5 Maternal Phases of International Travel Planning

Oh the joys of planning overseas travel for a family of five. I’ve been through it a number of times and it always has the same pattern.

PHASE #1: Everything Is Going to Work Out Perfectly!
It begins with me going into excited and optimistic planning mode. This is going to be fantastic! We live in an amazing time of internet connectivity where everything I need to know about getting my family to other countries is literally at my fingertips. I love airbnb.com! I love travel blogs! Hip hip hurray!

PHASE #2: This Is More Complicated Than I Thought.
As I get into the nitty gritty of travel planning, the optimism transitions into over-analyzing every decision. Will this rental car fit 5 people and 4 suitcases? Is this apartment walking distance to a market? Can we take a bus to this village? I feel like I have to get everything nailed down perfectly and anything we want to do must be booked in advance while I’m sitting at a computer in the U.S.

PHASE #3: What In the Hell Are We Thinking?
The overly analytic behavior of Phase #2 ultimately leads to a brief period of mild panic. My imagination starts envisioning every possible scenario. What if one of us gets sick or injured? Should I take a supply of antibiotics? Are we vaccinated properly? What if we lose our passports? Is this place prone to earthquakes? Fortunately, this phase is brief and usually occurs during a single, sleepless night a few days before our departure.

PHASE #4: Well, Here Goes Nothin’…
This is the stage of surrender. We’re not backing out. There’s nothing else I can do to plan this thing. Zip up the bags, cross our fingers and walk onto the damn plane.

PHASE #5: Everything Has Worked Out Perfectly!
The last and final stage is the one where I look back and laugh at myself for all that planning and worry. What do you know, they have plenty of rental cars. We didn’t have to make a reservation 2 months ago. One of the kids got a cold and it wasn’t the end of world. Who knew?! We might have hit a few bumps in the road, but they weren’t a big deal and if anything just made for a couple funny stories. I knew it would be fantastic all along!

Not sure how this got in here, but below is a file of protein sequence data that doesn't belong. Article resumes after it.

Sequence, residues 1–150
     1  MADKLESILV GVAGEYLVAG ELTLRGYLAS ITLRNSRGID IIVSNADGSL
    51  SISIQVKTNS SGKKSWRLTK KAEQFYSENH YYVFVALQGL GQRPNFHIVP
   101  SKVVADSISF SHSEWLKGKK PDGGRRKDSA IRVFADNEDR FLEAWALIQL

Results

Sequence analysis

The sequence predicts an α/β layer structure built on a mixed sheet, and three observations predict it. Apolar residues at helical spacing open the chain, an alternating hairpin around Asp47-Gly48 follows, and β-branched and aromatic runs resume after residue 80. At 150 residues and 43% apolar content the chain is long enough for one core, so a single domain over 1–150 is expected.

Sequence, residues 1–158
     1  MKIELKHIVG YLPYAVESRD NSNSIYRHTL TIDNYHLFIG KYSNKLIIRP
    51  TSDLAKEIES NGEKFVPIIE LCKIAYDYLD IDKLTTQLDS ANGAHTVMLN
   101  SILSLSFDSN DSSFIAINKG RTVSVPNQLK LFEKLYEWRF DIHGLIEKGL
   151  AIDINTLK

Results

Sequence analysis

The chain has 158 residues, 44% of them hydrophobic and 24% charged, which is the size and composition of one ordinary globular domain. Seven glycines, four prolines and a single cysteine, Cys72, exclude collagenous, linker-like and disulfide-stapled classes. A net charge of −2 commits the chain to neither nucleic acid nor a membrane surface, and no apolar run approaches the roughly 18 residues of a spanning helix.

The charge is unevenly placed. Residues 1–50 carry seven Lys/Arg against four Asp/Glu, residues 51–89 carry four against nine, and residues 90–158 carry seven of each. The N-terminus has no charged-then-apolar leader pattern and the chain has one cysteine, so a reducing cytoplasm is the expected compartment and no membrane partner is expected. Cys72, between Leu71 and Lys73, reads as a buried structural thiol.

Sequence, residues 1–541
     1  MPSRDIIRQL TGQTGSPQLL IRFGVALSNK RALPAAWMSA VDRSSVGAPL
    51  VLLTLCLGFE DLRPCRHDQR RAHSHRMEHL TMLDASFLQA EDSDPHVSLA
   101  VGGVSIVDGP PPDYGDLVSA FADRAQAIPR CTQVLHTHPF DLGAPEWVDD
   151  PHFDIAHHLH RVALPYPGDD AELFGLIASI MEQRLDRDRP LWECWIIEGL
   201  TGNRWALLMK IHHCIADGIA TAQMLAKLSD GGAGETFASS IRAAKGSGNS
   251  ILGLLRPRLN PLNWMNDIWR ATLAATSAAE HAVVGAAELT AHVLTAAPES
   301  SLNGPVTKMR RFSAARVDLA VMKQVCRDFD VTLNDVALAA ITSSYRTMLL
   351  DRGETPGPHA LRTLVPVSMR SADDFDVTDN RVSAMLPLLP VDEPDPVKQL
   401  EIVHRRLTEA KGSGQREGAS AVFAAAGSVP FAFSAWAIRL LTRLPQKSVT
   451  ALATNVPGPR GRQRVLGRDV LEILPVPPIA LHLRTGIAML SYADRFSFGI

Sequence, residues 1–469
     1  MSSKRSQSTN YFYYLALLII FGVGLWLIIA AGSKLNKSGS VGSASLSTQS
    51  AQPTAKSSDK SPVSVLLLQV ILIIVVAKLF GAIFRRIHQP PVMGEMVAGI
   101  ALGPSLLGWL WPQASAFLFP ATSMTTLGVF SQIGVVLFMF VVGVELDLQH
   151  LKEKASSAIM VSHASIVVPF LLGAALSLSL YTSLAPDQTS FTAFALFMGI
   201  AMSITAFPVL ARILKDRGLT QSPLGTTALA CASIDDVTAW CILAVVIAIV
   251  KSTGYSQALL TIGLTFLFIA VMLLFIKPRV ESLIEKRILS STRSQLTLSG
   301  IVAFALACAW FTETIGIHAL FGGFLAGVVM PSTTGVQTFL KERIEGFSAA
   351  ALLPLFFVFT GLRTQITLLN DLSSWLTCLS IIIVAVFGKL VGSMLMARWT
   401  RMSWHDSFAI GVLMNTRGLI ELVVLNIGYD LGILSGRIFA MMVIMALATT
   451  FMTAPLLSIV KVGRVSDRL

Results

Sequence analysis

Just Do It
At this point I consider myself a fairly well-seasoned travel mom, yet I still get those periods of uncertainty and worry when we’re going into an international experience. In fact, I’d probably put myself smack dab in the middle of Phase 2 for this around-the-world adventure we will be embarking on in just a couple months. I think this is a common American mentality when it comes to global travel. Generally speaking, our society doesn’t go international as much as other developed nations. Although the number of globe-trotting Americans is increasing, travelling to foreign countries was definitely not part of adolescence for a typical child of the 80s. Now as parents our generation tends to feel like we’re doing this crazy, semi-dangerous thing when we take our young children overseas.

But I can tell you it’s ABSOLUTELY worth it. Exposing our kids to other cultures has been one of our best parenting decisions. We’ve watched our girls walk into new places scared and uncertain, and in a very short time they’re running around playing with other children, learning the language and trying foods they wouldn’t have touched with a 10-foot pole back home. It builds their confidence and gives them a broader understanding of the world. It’s an experience they may not necessarily remember but they’ll carry the impact of it with them for the rest of their lives.

So don’t let Phase 3 (What the Hell Are We Thinking?) keep you from taking your kids to new countries and experiencing different cultures. Just buy the plane tickets and then have faith that you will soon be in the inevitable Phase 5 where you’re proud and grateful to have given this experience to your family.

About the Author

Tracey Carisch

Mom, wife, friend and change agent traveling the world with my family to learn our place in it. After spending a career in organizational change management and community initiative implementation, I put my career on hold for our family's trip around the world. In April of 2014 we sold almost everything we own, put the rest in a storage container, and departed on this journey. While my husband continued his software development work to financially support our trip, I planned and documented our adventure, homeschooled our three daughters, and found volunteer work opportunities for us to do in the communities we visit. Now that we've returned to the U.S., I'm completing book about our family's adventure and our lessons learned.

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